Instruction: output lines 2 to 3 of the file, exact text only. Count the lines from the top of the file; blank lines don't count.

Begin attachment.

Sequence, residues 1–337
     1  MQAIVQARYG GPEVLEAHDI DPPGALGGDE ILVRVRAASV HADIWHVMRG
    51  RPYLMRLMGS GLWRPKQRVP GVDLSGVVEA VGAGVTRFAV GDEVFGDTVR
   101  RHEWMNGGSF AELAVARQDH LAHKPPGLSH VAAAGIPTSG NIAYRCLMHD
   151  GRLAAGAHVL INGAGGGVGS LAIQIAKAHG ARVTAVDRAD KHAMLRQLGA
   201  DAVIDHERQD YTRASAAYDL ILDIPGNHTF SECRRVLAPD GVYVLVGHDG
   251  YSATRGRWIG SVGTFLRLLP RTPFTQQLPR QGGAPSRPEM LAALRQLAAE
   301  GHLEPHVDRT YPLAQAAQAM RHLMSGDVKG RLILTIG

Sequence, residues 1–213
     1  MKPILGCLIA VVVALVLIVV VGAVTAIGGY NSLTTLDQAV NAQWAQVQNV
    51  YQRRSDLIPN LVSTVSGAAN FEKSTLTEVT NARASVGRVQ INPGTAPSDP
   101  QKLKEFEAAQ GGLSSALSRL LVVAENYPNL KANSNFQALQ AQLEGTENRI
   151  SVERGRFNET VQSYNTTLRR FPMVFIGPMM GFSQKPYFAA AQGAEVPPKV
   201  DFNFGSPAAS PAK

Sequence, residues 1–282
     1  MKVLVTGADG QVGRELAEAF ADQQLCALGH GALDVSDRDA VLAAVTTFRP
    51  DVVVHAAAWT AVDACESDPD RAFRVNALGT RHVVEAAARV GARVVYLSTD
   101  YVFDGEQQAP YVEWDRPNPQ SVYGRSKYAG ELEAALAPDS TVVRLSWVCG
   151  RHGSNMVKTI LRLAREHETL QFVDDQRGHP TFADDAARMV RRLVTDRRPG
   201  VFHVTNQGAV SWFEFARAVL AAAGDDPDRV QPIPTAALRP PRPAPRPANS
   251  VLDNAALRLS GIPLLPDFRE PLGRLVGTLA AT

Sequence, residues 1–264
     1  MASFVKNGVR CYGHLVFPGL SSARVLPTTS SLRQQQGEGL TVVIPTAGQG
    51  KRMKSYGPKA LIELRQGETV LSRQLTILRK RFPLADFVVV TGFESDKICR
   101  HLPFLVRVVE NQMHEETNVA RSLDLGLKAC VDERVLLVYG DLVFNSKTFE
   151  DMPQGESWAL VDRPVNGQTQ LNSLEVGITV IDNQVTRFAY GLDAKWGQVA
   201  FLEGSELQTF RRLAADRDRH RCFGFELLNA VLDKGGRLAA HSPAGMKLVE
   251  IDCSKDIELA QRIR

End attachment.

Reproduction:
     1  MQAIVQARYG GPEVLEAHDI DPPGALGGDE ILVRVRAASV HADIWHVMRG
    51  RPYLMRLMGS GLWRPKQRVP GVDLSGVVEA VGAGVTRFAV GDEVFGDTVR